In your curatorial statement you state, “An exhibition is namely a tool (for transformation) and an instrument, which generates meaning, and that which serves, in its spatial articulation, to make the predefined artwork to become ‘elastic.’” Can you go into this idea of elasticity as it seems pertinent to your curatorial understanding?

Yes, with the elasticity, I think and hope that we hold the notion that an art work is not a unidimensional thing – it is not something that can be read or understood in one way. It is not to be taken like a scientific model or mathematical proof. How an art work interacts with its surroundings and spectators means that it has a very flexible existence, it always interacts with a plurality of people. What an art work means for you does not necessarily mean the same for me, in this sense, it has an elastic way of existence. In relation to the Triennale in post-earthquake Kathmandu where many things are still fragile and in some cases uncertain and not evident, the artists and the art works need this elastic capacity to answer to the place in which he or she is coming into.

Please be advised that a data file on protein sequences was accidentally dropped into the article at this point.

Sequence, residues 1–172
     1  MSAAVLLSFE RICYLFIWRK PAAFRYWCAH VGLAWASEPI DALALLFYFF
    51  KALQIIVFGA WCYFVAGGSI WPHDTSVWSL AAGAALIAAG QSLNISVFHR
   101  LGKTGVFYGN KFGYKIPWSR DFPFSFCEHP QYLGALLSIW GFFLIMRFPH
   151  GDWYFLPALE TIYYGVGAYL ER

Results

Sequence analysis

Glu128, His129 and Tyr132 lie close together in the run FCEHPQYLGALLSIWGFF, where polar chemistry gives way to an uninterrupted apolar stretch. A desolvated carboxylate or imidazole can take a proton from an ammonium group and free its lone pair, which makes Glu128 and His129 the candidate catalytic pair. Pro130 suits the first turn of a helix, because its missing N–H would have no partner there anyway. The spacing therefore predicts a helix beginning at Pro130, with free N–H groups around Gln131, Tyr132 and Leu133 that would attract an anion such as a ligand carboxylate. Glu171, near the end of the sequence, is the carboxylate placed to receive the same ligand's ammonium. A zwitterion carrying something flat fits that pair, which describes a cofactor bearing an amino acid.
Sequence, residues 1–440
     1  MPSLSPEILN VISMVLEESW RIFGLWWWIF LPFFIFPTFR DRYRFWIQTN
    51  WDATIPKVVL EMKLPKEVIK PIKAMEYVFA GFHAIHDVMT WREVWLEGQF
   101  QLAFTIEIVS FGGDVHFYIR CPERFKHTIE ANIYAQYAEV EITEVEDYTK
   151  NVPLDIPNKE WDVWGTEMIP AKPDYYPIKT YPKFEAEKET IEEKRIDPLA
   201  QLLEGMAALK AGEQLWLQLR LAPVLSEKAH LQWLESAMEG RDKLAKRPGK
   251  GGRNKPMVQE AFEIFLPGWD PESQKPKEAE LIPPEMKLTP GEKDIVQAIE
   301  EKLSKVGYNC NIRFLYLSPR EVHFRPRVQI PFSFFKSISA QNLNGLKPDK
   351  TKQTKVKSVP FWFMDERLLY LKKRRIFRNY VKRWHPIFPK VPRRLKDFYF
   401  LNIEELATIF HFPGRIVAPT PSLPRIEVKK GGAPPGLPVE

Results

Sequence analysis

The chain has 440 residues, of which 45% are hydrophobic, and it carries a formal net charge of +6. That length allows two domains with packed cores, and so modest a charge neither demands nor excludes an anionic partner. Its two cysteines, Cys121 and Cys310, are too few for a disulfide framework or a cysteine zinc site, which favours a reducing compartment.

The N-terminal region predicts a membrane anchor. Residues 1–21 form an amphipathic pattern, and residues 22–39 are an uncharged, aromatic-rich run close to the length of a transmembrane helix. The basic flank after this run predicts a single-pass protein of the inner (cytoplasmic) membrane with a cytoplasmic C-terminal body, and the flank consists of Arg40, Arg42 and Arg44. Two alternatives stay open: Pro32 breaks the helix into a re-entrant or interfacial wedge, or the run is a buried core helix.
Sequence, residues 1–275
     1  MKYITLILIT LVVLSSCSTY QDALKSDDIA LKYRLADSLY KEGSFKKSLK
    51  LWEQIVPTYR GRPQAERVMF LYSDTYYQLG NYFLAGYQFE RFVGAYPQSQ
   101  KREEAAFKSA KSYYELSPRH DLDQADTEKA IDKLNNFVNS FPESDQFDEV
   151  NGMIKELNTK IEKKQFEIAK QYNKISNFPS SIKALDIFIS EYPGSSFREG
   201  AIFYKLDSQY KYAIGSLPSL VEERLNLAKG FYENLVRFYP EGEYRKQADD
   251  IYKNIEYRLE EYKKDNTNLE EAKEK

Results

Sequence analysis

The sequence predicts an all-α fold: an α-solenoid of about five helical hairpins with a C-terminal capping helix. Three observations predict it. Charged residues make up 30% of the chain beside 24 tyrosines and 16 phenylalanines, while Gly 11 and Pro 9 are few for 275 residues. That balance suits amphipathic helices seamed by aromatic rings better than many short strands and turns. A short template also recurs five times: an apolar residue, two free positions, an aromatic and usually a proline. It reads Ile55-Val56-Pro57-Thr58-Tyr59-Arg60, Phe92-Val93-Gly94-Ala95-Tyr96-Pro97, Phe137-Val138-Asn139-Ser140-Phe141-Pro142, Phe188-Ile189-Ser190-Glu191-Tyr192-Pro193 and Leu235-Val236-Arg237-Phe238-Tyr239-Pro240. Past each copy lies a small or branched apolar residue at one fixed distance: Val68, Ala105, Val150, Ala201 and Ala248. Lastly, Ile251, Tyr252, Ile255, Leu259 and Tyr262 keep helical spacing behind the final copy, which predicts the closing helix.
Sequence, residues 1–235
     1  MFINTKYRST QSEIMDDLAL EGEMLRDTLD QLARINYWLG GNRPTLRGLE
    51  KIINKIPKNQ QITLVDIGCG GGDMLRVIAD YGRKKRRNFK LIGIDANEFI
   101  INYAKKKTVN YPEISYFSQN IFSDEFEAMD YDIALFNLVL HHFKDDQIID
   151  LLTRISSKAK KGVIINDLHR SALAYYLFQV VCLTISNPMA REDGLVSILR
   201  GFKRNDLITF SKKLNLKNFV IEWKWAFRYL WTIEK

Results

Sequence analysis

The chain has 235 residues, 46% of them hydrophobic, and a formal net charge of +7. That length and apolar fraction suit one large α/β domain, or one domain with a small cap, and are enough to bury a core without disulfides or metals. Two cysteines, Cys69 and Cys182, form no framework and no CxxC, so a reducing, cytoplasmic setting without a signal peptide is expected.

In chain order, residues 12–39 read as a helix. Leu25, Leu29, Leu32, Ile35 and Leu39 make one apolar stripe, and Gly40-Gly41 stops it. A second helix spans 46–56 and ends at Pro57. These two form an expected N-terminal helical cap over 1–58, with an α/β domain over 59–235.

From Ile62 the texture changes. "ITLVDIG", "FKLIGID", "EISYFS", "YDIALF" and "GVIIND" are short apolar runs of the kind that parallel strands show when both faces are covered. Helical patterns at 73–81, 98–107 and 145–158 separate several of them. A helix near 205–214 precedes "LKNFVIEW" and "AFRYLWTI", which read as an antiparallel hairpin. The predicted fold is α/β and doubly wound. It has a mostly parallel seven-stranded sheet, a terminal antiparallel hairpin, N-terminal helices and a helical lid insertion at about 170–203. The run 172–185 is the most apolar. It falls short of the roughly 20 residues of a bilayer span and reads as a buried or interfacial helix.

So in terms of curating this exhibition, is it more about taking what the artists are doing in terms of that elasticity within their art or are you trying to create a space where those conversations could open up? How do you approach this part of the curation, is it spatial or art based?

Everything starts with the place of course, but you have to feel the necessity. If there is no necessity to do an exhibition then it is better not to do an exhibition. When I came to Nepal in November 2015 to teach a 10-day workshop, I had a fantastic exchange of dialogue with the people whom I was teaching. I fell in love with the city and this idea of doing the Triennale came around from there.